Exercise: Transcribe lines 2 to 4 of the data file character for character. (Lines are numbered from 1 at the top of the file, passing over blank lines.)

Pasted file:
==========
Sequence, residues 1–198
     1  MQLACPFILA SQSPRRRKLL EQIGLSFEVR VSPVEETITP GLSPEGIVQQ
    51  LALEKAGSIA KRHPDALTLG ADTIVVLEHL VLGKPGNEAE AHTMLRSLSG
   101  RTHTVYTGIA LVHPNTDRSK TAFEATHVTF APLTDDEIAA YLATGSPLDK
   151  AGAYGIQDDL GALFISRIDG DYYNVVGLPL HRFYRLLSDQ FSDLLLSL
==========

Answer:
     1  MQLACPFILA SQSPRRRKLL EQIGLSFEVR VSPVEETITP GLSPEGIVQQ
    51  LALEKAGSIA KRHPDALTLG ADTIVVLEHL VLGKPGNEAE AHTMLRSLSG
   101  RTHTVYTGIA LVHPNTDRSK TAFEATHVTF APLTDDEIAA YLATGSPLDK